ClassPass customers are sweating over its 60 percent price hike

ClassPass sent an email this morning that raised its members heart rates faster than the most intense CrossFit session: It’s raising its prices by a lot.

Customers of its monthly unlimited package in New York will soon have to pay $200, a whopping $75 hike over the current $125. That’s even more of staggering of an increase when you consider in 2013, when the company launched, the same package cost just $99.

ClassPass is a startup that lets people in more than 30 cities around the world take workout classes without having a membership. If used cleverly, it can be a good deal for those who don’t want to commit to a gym. However, some members have complained about having their spots cancelled at the last minute, and non-members complain that gyms have gotten overcrowded because of ClassPass’ popularity.

That could change if the price hike is applied across the board and ClassPass ceases to be decent deal. Customers, unsurprisingly angry about the news, have been giving their fingers a workout on Twitter:

ClassPass explained in a statement that the price was hiked to “create long-term sustainability” with gyms and members. The startup has been valued as a $400 million company, raking in $60 million in revenue last year. But the company is still private, and it’s unclear if it’s still making money at a pace to please its investors.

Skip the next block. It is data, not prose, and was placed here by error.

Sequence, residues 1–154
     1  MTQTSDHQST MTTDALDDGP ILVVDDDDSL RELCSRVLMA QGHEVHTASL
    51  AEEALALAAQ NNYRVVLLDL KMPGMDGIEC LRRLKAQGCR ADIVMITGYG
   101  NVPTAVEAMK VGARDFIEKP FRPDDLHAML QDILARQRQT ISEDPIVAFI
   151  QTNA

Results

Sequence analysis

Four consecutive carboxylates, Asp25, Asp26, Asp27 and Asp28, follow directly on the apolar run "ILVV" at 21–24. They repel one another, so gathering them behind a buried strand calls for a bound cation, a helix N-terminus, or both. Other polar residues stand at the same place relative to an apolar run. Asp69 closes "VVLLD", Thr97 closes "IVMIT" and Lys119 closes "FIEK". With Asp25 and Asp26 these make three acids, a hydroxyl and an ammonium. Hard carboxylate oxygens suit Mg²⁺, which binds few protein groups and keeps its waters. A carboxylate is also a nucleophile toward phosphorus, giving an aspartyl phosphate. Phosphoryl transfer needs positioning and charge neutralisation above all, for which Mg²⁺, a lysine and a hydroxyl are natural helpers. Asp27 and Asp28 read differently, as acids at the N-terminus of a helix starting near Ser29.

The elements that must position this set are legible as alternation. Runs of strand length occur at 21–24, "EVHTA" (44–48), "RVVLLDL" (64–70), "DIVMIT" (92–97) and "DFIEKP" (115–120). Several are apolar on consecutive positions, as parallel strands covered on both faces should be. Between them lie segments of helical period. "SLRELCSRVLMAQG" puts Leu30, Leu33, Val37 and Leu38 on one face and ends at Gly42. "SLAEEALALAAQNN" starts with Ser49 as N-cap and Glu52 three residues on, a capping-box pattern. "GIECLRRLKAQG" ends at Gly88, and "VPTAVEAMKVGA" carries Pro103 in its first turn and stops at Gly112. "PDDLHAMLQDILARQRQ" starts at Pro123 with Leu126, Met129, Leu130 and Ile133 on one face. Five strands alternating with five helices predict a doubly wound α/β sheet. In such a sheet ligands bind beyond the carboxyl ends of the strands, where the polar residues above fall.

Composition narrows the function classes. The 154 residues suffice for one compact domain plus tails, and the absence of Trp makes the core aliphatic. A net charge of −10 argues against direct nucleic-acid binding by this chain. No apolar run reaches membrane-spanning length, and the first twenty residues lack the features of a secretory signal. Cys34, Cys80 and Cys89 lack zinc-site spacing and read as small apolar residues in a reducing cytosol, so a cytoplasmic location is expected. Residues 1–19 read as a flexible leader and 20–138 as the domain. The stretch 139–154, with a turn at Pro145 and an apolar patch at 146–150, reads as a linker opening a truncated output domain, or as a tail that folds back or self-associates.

The hike is giving its rivals an opening to steal some of its customers, as seen here in this retweet from budget gym Blink Fitness:

Who would’ve thought that an Equinox membership would someday look like a bargain.

More in Marketing

Ad tech’s take: early reactions to Google’s third-party cookie demise

Two months into Google’s grand cookie cleanse in Chrome, ad tech vendors are dishing out their hot takes.

Influencer arena

How Blast is finding esports success through the ‘co-production’ model

Co-production is a key aspect of Blast’s esports strategy because it means both partners are invested in keeping “Rainbow Six” esports healthy in the long run, even if their key performance indicators for the collaboration might be different.

Inside Quaker’s ‘iterative’ approach to make its advertising work globally and locally

To accommodate the global needs of the campaign, Quaker created numerous iterations for Canada and Latin America to reflect the way that consumers in those various local markets use the product.